Bromage says that flexibility is the best attribute an enterprise owner can have. It helps not to be too parochial when it comes to looking at where you are selling your goods and services. “Think about the industry you’re serving — in difficult times, as a small business owner, you need to do 10 times as much if you are going to survive,” he says.
In times when everything seems like it needs doing at once, it’s also important to pause and reassess, says Mellissa Larkin, founder and managing director of Adelaide SMB law firm, Peripheral Blue. “The pandemic gave us an opportunity to reflect on where we were at and whether, given the opportunity to do things again, we would do it differently,” she says. “As a business owner, you have people’s livelihoods relying on you being able to swing the business model around to survive — and enable them to maintain their own family and lifestyle commitments.”
Customers want to see value for money and quality work. For her business, the trusted adviser role hasn’t changed. The company had minimal investment in office space and leases, and already used collaboration software such as Zoom.
“You don’t need all the bells and whistles in terms of office space and the like,” says Larkin. “With people forced to work from home, it’s made many businesses reflect on what they need when it comes to offices and infrastructure. The reality is that working flexibly is a better fit for many employees and the organisations that employ them. But you need to have systems and operations in place to give you the flexibility to adapt.”
Despite the increased reliance on digital forced by the pandemic, customers in essence, still want the same things, says Roberts. “What we want and need hasn’t changed. It’s just the means by which those things are delivered has changed. Bricks and mortar aren’t going away, and those stores have the opportunity to provide an experience — touch and feel — that digital simply can’t match.”
The key to success in 2021 is being able to leverage digital marketing and digital technologies, emphasises Harrington. “The businesses that were most successful in 2020 were those that were agile and quick to adapt," he says. "The key is to be clear about what you want to achieve with digital.”
Some businesses won’t be suitable for ecommerce, so it’s essential they use digital to connect with customers and to maintain that connection. “In today’s world, you can Google things, watch YouTube videos or listen to a TED talk,” says Harrington. “Businesses that want to connect with their customers can create YouTube videos that show those customers how to do things, how to make their lives better. This creates a link between business and customers.”
A strong content strategy lets you connect with customers, even if you’re not an ecommerce business. Customers are hungry for content that makes their personal and work lives easier and more fulfilling. A solid content strategy can cement your business in the customer’s mind as the go-to place for this information. This means digital is a core part of your business’ survival package.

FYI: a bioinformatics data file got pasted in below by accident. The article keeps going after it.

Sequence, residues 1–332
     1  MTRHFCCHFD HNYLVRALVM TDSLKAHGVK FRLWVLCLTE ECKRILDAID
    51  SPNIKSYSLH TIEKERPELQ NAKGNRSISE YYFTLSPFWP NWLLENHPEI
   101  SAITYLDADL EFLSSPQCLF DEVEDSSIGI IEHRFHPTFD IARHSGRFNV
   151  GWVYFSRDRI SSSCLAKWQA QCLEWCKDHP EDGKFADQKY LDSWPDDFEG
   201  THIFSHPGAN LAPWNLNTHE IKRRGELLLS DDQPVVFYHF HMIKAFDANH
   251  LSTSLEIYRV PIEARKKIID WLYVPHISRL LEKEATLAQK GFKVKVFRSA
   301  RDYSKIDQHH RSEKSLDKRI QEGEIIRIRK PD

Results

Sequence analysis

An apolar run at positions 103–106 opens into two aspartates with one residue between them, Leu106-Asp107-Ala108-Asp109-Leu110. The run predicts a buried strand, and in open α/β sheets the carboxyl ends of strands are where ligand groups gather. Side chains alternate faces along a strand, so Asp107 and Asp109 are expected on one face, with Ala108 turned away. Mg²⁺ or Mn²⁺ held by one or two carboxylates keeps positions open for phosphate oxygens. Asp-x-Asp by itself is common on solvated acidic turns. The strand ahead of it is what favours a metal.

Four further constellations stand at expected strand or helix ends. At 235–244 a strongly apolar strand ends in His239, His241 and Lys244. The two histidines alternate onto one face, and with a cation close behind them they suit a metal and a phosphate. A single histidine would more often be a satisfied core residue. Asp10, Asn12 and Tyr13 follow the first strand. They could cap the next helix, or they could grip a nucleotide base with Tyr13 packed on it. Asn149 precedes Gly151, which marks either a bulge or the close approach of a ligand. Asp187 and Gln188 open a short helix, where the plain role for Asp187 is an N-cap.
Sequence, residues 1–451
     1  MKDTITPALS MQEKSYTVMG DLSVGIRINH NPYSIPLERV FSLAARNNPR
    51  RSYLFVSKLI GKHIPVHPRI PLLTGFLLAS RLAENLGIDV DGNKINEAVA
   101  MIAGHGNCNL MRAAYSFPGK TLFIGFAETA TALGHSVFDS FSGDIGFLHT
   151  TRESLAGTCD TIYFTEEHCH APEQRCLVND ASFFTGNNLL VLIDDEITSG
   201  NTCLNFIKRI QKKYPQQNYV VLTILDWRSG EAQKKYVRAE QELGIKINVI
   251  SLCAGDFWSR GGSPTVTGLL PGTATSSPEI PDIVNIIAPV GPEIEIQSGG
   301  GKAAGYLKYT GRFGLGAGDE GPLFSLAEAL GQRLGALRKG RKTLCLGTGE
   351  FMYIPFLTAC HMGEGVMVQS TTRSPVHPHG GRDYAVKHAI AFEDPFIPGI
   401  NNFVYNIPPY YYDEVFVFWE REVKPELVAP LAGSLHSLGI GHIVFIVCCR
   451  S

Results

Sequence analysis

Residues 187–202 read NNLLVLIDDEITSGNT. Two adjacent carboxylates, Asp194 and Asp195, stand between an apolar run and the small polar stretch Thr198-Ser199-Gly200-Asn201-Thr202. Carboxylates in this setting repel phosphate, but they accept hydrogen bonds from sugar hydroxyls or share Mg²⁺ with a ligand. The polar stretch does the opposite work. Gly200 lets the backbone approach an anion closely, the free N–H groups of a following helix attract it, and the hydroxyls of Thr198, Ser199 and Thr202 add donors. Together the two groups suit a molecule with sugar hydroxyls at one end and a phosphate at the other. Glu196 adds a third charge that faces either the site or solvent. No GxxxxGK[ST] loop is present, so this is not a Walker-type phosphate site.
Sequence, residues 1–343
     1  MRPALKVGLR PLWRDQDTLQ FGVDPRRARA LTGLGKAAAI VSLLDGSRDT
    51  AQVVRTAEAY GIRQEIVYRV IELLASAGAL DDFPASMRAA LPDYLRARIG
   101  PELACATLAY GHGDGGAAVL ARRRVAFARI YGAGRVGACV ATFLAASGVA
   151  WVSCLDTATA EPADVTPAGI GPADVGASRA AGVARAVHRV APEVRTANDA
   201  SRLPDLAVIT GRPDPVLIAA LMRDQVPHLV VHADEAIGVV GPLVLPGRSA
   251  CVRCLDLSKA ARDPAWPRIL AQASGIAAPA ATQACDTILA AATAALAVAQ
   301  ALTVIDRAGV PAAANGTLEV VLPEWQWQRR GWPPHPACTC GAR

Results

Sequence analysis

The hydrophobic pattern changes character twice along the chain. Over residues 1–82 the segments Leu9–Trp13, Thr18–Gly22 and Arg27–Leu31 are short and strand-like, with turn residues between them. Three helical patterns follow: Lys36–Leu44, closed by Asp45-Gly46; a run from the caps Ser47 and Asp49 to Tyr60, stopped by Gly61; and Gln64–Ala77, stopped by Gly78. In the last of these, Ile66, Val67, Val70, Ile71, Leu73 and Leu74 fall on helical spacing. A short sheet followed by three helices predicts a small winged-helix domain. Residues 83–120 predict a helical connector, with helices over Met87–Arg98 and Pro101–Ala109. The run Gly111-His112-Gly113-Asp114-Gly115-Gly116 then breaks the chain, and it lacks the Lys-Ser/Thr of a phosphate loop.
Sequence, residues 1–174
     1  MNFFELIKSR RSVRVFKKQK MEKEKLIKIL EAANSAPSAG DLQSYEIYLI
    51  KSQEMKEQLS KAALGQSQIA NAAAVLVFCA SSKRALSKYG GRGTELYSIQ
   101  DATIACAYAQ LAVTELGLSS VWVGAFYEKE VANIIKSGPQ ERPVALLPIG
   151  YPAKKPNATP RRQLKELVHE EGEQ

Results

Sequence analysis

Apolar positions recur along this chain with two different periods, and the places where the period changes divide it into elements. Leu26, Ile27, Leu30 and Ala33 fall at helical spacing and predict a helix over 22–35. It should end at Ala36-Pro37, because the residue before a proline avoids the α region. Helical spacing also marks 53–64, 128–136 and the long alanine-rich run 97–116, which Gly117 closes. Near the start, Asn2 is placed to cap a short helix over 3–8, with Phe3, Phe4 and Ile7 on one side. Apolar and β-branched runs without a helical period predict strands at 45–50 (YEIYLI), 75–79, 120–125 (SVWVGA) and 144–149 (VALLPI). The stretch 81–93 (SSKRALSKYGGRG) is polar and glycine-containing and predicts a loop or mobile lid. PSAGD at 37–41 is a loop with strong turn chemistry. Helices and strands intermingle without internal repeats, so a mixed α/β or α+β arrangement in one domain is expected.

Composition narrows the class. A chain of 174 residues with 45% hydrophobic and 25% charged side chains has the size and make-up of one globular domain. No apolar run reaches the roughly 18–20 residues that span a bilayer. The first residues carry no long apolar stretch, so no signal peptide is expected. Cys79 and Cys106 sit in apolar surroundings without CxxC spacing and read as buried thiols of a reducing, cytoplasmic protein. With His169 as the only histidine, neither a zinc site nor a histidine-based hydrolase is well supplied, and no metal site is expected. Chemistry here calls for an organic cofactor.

But Roberts warns there is a danger of relying on digital too much. “In the 1990s, no-one asked how important it was to have a telephone strategy,” he says, adding that it’s a matter of relying on your depth and wisdom as a business owner and leveraging your experience to pivot the business model rapidly in times of change.
”Knowledge workers will want to maintain their flexibility. Employers who are not respectful of this will see turnover.” Rob Bromage, CEO IntelliHR
According to Bromage, in 2021, wellness and awareness of staff wellbeing are the most important things employers can take into consideration. “People are still struggling. The question is: how do you look after your staff? How do you change the work environment and operate a hybrid work environment?”
Some people enjoy working from home while others rely on the office for social interaction. Getting together for Zoom drinks on a Friday afternoon is not the same as the weekly flesh-and-blood catch-up. And while flexible working arrangements dominate the conversation, not everyone gets to work from home. Trades and manufacturing simply can’t work at home. They have to go to a work site or factory to get their jobs done. This is something that needs to be included in the current national conversation about new ways of working.
Bromage says he’s not seeing a lot of churn when it comes to employment, but this could change as the economy gets back on a more even keel. “When people start feeling better about the world and their future, this might change, but knowledge workers will want to maintain their flexibility. Employers who are not respectful of this will see turnover.”
Ongoing support for business
There is a raft of support for SMEs, but this is slowly winding down. Economist Saul Eslake says that while government programs such as JobMaker and JobKeeper have been effective at maintaining employment, 2021 will see a shift in emphasis towards nurturing businesses more likely to be sustainable in the post-COVID-19 world.
Eslake is not in favour of giving tax preferences or subsidies to small business enterprises simply because of their size. “It is simply not true that SMEs are the engine room of the economy,” he says. “In aggregate, they have created far fewer jobs over the past five years than larger businesses.”
Instead, Eslake would prefer to see programs such as the lower company tax rate and the payroll tax exemptions at the state level replaced with preferences for new businesses. His reasons for this include the fact that new businesses are more likely to be operating in sectors with a sustainable future; they are more likely to create jobs and more likely to innovate.
“Although most new businesses will be small, most small businesses are not new,” says Eslake. “So, there will be far fewer businesses eligible for preferences if those preferences are only available to new business rather than small ones.”
He notes this emphasis on new businesses means that preferences can be much more generous — such as a company tax rate of 10 per cent, rather than 25 per cent — and hence more effective.